Inspired by a visit to the Oxford Museum of Natural History with my young son, I realised I knew hardily anything of the history of this planet we live on, or even how old it is so I set about finding out and the idea for my new book, The Greatest Show on Earth, was born.
When I was making the book, one big thing became clear: the Earth is forever changing. The story of life on Earth is bound up with the story of changing levels of CO2, oxygen, temperature, ice, and tectonic activity – and these Earth processes have shaped animal life. And life has also shaped Earth, especially Earth’s atmosphere.
It’s amazing and terrifying to know that, in Earth’s history, complex animal life has occasionally been very close to being snuffed out. The Earth has sometimes been a terrible place to live: there have been huge volcanic lava outpourings, there have been tremendous freezes, there have been times when the ocean became anoxic (lacking dissolved oxygen) (this will open in a new window)and hostile to life. About 20 thousand years ago our cold world that swung erratically in and out of ice-ages started to thaw and turn into the gentle friendly stable climate of the Holocene(this will open in a new window) (this will open in a new window)period where we modern humans have made our homes, and that kind climate – not too warm or too cold – is what we and every other creature on the planet are used to.
And it’s clear we’re living in an incredibly lucky moment in Earth’s story: no big asteroid strikes, no massive lava outpourings. If we could achieve balance with the rest of life on Earth we could have a happy future.
What we know
In the book I try to travel to the end of Earth’s story too. There are things we know will happen. We know our sun is halfway through its life. We know as our sun ages it will grow, and ultimately Earth will sit uncomfortably near the expanding sun and get too hot for life. But before that happens there’s at least 500 million years of habitable planet to come – an unimaginably vast tract of time. Go back to the first animal life way back in the Cambrian(this will open in a new window) period, and go forward the same amount, and there’s all that all over again. So we seem to be alive at – amazingly – the half-way point of our Earth’s life.
A mammal species usually lasts a few million years. So we could say the human species could be destined to last a million years at the bare minimum. Which means, if we don’t make ourselves extinct (which it is unlikely for us to do, even if we make the Earth very difficult to live on), we’re not at the end, we’re at the very start of the whole human race. We’ve got 800, 000 years at least ahead of us.
But becoming a long-lived species on our planet, what would that take? What sort of planet do we want to be living on? We seem to be living at a climate crossroads: do we stay in the friendly Holocene(this will open in a new window) period, or do we journey to a climate a bit like the Palaeocene(this will open in a new window) period (this will open in a new window)(50 million years ago) with no icecaps, higher temperatures and just a very different planet altogether – one that would maybe need a whole new lot of animals to evolve to suit it?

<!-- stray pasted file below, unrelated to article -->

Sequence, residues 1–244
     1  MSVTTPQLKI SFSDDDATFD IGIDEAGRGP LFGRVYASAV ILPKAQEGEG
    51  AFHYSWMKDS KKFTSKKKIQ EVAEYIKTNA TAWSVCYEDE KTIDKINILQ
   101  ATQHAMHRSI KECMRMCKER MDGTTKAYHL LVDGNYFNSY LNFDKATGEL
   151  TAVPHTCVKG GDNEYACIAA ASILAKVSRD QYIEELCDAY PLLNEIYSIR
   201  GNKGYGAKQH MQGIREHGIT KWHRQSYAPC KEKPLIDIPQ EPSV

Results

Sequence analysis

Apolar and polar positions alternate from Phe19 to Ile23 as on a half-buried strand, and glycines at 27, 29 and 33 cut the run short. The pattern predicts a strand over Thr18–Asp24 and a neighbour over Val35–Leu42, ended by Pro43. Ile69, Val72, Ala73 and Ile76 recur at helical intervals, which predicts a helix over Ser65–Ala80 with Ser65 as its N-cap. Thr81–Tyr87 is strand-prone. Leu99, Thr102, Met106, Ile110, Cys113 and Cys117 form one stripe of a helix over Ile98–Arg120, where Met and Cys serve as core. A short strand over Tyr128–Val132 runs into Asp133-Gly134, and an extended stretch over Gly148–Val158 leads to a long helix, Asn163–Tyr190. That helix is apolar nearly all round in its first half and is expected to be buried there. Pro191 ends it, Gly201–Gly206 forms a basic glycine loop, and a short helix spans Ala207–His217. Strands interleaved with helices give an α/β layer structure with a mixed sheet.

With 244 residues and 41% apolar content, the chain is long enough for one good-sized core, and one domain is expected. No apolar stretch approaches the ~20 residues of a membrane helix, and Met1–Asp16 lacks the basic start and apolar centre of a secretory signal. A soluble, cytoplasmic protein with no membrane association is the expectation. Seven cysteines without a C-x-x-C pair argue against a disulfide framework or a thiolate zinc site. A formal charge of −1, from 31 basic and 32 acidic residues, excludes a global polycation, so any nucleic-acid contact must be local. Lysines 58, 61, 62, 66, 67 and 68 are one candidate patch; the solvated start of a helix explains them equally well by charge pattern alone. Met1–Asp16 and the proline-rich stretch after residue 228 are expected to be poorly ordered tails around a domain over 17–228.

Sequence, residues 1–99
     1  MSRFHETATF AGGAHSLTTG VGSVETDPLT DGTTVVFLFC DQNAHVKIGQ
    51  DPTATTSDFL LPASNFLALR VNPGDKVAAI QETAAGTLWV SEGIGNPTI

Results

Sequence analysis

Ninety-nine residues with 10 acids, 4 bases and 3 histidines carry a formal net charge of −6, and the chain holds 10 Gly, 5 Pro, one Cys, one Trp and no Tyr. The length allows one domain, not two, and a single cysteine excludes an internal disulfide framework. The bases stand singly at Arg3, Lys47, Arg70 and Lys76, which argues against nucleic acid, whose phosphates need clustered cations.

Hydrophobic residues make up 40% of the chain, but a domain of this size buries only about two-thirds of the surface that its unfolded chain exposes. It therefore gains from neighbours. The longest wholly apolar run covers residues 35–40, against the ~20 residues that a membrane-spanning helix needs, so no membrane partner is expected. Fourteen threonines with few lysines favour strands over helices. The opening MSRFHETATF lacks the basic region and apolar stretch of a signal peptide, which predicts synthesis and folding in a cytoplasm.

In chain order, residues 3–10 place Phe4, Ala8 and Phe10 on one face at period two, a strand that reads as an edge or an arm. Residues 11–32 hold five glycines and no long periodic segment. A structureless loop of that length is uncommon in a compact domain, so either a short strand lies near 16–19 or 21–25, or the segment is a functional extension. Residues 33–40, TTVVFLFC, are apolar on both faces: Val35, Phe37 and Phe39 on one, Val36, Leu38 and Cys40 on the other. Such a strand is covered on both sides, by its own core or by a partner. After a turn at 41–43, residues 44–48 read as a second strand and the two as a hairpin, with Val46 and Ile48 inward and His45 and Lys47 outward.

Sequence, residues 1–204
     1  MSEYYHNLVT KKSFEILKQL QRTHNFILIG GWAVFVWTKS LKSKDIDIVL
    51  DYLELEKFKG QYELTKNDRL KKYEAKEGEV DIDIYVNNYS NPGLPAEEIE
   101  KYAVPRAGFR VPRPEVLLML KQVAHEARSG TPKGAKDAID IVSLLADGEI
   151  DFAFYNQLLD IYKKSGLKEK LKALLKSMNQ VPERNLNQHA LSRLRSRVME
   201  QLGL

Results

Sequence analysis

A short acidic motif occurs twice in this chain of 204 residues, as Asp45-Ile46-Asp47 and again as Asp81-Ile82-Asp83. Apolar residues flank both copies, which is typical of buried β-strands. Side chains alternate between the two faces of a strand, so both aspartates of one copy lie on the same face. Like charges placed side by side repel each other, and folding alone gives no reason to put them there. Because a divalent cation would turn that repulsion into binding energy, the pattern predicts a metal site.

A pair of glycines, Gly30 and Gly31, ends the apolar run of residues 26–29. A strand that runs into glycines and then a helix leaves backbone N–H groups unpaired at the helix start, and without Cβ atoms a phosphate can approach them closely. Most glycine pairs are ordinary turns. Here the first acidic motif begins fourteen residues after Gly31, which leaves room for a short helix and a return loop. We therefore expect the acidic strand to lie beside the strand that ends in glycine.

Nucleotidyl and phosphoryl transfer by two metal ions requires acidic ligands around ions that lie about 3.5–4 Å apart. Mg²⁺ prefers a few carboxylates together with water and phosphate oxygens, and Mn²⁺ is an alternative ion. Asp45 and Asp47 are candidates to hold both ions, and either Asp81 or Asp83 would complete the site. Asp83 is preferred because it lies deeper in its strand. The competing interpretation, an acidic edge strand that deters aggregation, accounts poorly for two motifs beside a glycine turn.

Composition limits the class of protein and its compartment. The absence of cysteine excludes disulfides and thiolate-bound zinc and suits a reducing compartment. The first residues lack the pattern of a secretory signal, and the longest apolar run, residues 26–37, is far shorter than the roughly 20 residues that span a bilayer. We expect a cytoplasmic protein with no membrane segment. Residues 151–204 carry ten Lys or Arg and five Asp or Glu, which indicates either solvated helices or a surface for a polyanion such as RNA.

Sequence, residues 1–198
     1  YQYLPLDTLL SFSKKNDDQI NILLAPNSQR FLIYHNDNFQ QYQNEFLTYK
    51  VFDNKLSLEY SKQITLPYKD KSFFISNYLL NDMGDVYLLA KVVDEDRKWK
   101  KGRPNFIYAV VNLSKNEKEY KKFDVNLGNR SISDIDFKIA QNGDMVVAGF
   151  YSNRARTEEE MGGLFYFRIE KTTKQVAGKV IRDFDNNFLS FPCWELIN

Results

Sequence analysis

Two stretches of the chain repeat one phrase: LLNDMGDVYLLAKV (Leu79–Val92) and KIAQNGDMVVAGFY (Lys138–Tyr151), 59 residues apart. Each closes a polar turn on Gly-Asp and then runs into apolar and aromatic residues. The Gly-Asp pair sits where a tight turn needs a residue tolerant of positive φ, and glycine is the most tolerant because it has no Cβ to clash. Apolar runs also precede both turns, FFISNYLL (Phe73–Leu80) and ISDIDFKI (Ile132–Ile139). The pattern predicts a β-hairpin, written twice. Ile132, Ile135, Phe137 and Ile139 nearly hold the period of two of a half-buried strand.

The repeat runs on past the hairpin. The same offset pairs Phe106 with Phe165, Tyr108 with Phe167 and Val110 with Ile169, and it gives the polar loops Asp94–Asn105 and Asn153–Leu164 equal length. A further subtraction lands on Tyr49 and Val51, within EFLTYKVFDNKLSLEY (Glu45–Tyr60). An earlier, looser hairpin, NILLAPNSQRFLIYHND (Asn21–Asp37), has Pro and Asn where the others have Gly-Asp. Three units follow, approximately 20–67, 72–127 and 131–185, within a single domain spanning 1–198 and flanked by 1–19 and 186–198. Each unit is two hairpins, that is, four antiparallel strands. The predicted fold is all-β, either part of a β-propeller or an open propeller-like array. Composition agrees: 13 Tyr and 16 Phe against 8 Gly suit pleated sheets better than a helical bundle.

Imagining the future
One special superpower of humans is our incredible overactive imaginations. I think that imagining the future can be useful. Our political leaders seem only able to do long-term thinking as far as the next election. But to make the big political decisions we need to happen right now to avoid climate disaster, we need a government that is acting in the interests of all Earthlings into at least the next thousand years.
With stories and empathy we can imagine the far future, and what that might be like. We can imagine a future Earth that we’d want to live on. What could a planet where humans and the rest of nature live in balance be like? How much space would each need? What would we need to do to eventually be able to live on Earth and never have an overshoot day? Let’s imagine that.
Then we can start working out what we have to do to get there.
Activity: Time travel to a world of the future
Imagining a future Earth
First set the controls of your time machine: decide how far into the future to travel. It could be 10 years, 100 years, 1000 years, a million years or more. . . You decide.
Print the worksheet below and imagine your future Earth. (I’ve put in continent outlines but you may want to redraw them!)
- Who’s living there?
- What sort of habitats are there?
- What sort of animals are there?
- What’s the climate like?
- Are there people?
- What might have happened to get to this future?
Good luck, time traveller!